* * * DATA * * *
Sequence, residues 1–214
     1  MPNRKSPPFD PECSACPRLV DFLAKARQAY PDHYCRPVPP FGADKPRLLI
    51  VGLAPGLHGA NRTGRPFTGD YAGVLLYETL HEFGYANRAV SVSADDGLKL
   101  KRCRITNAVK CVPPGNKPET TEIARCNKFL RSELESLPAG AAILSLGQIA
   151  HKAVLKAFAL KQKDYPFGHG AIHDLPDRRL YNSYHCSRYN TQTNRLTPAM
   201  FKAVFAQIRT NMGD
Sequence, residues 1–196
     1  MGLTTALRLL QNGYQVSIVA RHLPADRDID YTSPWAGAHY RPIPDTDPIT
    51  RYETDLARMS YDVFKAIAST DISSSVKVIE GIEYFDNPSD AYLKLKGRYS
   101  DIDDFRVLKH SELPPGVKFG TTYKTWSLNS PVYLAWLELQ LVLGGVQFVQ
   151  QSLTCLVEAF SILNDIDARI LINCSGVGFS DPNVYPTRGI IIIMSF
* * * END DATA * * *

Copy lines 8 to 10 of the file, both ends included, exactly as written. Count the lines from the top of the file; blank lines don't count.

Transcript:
     1  MGLTTALRLL QNGYQVSIVA RHLPADRDID YTSPWAGAHY RPIPDTDPIT
    51  RYETDLARMS YDVFKAIAST DISSSVKVIE GIEYFDNPSD AYLKLKGRYS
   101  DIDDFRVLKH SELPPGVKFG TTYKTWSLNS PVYLAWLELQ LVLGGVQFVQ